– The main room is mainly composed of windows which add so much natural light to the space — perfect for those sunny-but-cold days where you want to be outside, but you don’t want to freeze.

Personal Recommendation:

– You can never go wrong with tea at Ike Box, and their lattes aren’t too shabby either. If you’re looking for food, go for the scones.

French Press

Reasons Why You’ll Love It:

– French Press is more of a restaurant than a coffee shop, but their coffee is amazing, regardless.

– There is a deceiving amount of seating (as in, there is more than you’d expect), and I’ve always found a table, even when it’s a busy Sunday morning. On sunny days, they have a great patio area.

Personal Recommendation:

– If you like cherry, get the Black Forest. If you like mint, get the Grasshopper.

– I love their crepe omelets — it’s an omelet in a crepe? What more could you need?

Dutch Bros

Reasons Why You’ll Love It:

– All of their locations (there are at least six nearby) are drive-thru’s, so they are quick and easy!

– If you like coffee with your sugar like I do, this is the place for you. It’s almost difficult to detect the coffee in these drinks — which makes the more caffeinated ones that much more dangerous. 

– If you are feeling adventurous or overwhelmed, ask for the barista’s personal favorite — you’ll never get the same thing twice!

– Menu if you just can’t handle the pressure in line. I reference this on the reg, because there are so many fun things to try that I never would’ve considered.

Personal Recommendation:

– Coffee: 911 or a Black Forest

– Rebel: with mango and lime

– Tea: green tea with lime, pomegranate, and strawberry

Coffee in Motion

Reasons Why You’ll Love It:

– Similar to Dutch, this is a drive-thru cafe that could literally drive away. The cafe is inside a double-decker bus.

– Don’t let the janky bus exterior fool you, the people inside are anything but that. They are so friendly and fun, and there’s rarely traffic, so you can have a nice chat.

Personal Recommendation:

– If you thought the blended chai was good at Gov Cup, then this one will blow you away. Did someone say homemade whipped cream?!

Of course, our beloved Bistro and Rick’s Cafe

Reasons Why You’ll Love It:

– Super close — it’s next to the millstream on campus where you can chill and enjoy your coffee outside on nice days. It also has a wonderful atmosphere inside for cold winter days.

– The coffee isn’t what you’d expect from on-campus coffee — it is actually really good!

Personal Recommendation:

– The house blend from Rick’s is my favorite. At the Bistro, you have to get an Italian soda; my favorite syrup combo is mango and lime.


Reasons Why You’ll Love It:

– Relaxing atmosphere, nice for light reading or just spending time with friends.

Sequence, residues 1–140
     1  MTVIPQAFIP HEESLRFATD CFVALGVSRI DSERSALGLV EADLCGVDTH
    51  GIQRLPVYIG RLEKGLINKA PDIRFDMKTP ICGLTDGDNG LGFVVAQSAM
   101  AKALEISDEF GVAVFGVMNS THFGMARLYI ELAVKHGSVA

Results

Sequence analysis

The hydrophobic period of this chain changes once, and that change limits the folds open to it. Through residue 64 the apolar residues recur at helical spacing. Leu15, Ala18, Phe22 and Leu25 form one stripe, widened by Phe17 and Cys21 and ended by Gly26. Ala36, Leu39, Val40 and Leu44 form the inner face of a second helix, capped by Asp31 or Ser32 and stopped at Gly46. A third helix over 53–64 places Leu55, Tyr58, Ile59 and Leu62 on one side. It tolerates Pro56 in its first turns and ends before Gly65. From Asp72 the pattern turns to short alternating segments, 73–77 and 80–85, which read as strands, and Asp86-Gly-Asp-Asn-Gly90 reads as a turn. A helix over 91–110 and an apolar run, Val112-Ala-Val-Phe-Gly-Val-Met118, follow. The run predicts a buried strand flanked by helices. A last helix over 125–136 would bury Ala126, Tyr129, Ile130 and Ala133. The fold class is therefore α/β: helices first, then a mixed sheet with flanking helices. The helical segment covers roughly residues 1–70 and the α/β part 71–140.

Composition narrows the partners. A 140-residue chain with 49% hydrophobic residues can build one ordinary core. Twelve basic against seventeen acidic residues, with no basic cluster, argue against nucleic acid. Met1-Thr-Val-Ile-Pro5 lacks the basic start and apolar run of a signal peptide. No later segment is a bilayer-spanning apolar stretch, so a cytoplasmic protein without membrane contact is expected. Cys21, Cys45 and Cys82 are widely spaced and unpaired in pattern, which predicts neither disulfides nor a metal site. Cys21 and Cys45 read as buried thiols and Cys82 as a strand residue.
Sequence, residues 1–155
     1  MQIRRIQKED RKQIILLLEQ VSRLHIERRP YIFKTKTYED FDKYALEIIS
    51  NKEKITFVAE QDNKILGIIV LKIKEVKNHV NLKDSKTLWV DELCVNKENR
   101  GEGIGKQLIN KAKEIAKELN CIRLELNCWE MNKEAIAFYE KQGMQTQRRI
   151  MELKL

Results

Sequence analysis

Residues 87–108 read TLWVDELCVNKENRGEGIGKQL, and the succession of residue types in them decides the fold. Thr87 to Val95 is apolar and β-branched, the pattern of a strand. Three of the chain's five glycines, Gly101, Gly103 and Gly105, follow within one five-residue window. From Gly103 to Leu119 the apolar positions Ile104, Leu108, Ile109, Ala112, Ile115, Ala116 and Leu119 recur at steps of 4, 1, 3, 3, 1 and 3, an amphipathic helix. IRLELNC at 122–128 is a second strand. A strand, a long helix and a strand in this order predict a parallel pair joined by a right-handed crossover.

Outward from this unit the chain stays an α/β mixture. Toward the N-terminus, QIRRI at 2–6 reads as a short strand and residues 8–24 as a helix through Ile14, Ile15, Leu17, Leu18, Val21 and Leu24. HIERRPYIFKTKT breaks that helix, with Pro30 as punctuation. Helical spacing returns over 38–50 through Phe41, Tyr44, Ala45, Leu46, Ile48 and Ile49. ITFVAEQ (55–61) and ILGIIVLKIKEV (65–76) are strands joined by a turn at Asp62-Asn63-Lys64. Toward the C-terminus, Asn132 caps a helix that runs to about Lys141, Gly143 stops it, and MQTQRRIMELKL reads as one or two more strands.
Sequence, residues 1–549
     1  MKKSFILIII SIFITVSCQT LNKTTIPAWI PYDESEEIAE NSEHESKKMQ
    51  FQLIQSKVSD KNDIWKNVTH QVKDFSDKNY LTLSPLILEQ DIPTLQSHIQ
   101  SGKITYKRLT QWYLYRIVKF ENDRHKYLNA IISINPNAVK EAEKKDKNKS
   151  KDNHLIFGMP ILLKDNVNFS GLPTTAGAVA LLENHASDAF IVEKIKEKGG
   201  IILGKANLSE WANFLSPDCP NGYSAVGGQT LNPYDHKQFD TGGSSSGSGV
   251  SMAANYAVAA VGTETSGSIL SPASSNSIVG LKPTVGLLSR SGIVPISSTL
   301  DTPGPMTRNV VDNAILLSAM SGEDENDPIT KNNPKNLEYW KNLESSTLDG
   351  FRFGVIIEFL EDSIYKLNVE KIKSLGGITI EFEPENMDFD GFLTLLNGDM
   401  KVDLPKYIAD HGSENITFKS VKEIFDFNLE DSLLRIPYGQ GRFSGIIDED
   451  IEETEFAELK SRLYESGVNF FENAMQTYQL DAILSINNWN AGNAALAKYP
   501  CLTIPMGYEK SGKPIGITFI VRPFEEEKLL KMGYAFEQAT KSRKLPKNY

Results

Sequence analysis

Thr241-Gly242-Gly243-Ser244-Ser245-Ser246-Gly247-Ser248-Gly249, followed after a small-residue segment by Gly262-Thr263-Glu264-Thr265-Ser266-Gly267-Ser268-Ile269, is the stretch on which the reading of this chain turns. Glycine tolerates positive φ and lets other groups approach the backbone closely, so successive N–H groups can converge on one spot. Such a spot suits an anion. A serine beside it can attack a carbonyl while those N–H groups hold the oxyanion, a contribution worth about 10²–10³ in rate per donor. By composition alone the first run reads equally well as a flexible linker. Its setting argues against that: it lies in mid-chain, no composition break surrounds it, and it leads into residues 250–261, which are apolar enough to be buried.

Personal Recommendation:

– I always get their Macchiato. It’s delicious.

I realize this information may be a bit overwhelming, considering you HAVEN’T HAD YOUR COFFEE YET. So, here’s a chart to get you started.


Good luck on today’s LSAT! »

Good luck on today’s LSAT!

– from your friends at Willamette Law.


Good Luck on the LSAT Spotify Playlist Meme

Law Review »

Willamette Law Review is the oldest academic journal on campus, and publishes three issues each year. To join law review, the top third of the 1L class is invited to participate in a write-on competition the summer after their 1L year.  After serving for a year on law review, members may run for editorial board positions through an election process by other law review members. It is an academic honor to be invited to join law review, and an excellent addition to a student’s resume.

Law review publishes articles from a variety of authors with a J.D.  These authors do not need to be affiliated with Willamette University, and usually engage in substantive legal analysis on an assortment of current issues. In addition, current Willamette Law students have the opportunity to write a “note” or “comment” for the journal. Regular articles and student notes and comments go through the same publishing process – they are subject to rejection or acceptance by the Articles Editor or Editor-in-Chief.  After acceptance, members of law review thoroughly edit and verify the sources contained in the article. Generally speaking, the student notes and comments go into less depth than published articles written by authors with J.D.’s.

The school also hosts several other law journals. For example, Willamette Law has journals about environmental law, international law and dispute resolution, and social justice and equality. Those all have separate editorial boards from Willamette Law Review. To read more, click here.